Transmitting Notes

In order to spend a note you must have the data that represents the note being spent, as generating the spend UTXO proof requires the notes data; and only the hash commitment of the note is stored in the rollup. The sender of the note, is responsible for communicating the the new notes data to the receiver of the note. The sender could decide not send or record the output note, but then the receiver would not acknowledge receipt of note (i.e. from the senders perspective, they have not received any notes) and therefore it would be as if the transfer did not complete.

There are two mechanisms to allow senders to communicate the note data to the recipient.

  • P2P - increased privacy, but requires both actors to be online

  • Encrypted Registry - reduced privacy if encryption key is lost or exploited


If both peers are online, the sender can send the transaction hashes and proofs to the sequencer, and the underlying data directly to the receiver. This method approach enhances privacy, as the underlying data is never stored in the public domain.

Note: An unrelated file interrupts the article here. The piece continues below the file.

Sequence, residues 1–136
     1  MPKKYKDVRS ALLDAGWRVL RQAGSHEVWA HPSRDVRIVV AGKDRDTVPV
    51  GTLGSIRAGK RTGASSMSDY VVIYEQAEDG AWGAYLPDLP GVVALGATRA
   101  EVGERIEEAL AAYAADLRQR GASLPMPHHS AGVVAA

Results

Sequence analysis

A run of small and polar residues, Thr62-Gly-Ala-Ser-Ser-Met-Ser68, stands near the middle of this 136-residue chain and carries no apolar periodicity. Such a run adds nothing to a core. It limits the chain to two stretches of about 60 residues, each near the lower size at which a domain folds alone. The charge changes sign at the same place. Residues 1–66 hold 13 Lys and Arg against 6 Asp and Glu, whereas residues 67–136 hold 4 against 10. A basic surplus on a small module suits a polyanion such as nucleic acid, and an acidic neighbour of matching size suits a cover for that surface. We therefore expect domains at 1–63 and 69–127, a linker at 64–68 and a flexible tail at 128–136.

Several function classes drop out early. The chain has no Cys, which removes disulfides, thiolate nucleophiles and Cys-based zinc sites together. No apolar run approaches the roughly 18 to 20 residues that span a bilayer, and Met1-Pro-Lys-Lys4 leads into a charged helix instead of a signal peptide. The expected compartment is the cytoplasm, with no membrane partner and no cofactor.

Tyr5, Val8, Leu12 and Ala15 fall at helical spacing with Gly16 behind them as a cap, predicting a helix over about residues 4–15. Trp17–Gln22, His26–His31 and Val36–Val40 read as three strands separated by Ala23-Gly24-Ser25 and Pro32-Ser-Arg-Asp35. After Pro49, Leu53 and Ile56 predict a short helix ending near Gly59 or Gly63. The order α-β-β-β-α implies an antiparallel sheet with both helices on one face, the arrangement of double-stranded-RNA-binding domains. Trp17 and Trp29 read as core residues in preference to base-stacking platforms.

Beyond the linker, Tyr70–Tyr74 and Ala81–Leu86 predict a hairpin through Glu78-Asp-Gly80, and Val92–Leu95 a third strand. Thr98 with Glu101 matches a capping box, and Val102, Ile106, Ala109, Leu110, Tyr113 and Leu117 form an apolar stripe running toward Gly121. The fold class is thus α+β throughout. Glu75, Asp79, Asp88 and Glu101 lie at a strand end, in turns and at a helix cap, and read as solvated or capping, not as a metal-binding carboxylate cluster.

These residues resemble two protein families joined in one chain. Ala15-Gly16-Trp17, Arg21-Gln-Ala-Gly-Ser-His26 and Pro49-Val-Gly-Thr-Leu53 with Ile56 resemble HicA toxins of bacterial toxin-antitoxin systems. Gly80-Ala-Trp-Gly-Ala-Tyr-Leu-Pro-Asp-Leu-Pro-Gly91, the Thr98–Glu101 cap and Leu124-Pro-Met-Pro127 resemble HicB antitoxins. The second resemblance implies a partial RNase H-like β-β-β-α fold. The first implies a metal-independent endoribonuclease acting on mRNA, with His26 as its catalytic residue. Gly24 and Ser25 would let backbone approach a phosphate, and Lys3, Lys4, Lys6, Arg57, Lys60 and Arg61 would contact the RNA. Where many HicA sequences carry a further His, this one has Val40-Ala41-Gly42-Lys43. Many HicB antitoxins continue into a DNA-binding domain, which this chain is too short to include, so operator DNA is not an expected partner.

Encrypted Registry

If the Sender and Receiver are not online at the same time, the transaction data can be stored in the Encrypted Registry. The Encrypted Registry is optional, and not a core part of the Payy Network protocol. It is provided purely as a convenience feature to store shared user transaction data.

To use the Encrypted Registry, the Sender uses the Receiver’s PublicKey to encrypt the data, so only the Receiver can decrypt it. When the Receiver joins the network, they can scan the Encrypted Registry attempting to decrypt all new records since they were last online. If they are able to decrypt a transaction, then it is a transaction they have been sent.

Users of the Encrypted Registry should be aware that using it reduces the level of privacy protection. If the data is encrypted in a public registry there are two main risks:

  1. Exposed secret key - secret key used for encryption is compromised at any point in time

  2. Compromised encryption protocol - underlying encryption protocol is broken by advances in cryptography or compute

As the Encrypted Registry is an optional feature, other providers could offer alternative encrypted registries to store transactions. In future, we may provide a sharded decentralised encrypted registry, where the encrypted data is split into chunks and blindly stored across multiple nodes, reducing the exposure to the risks described above.

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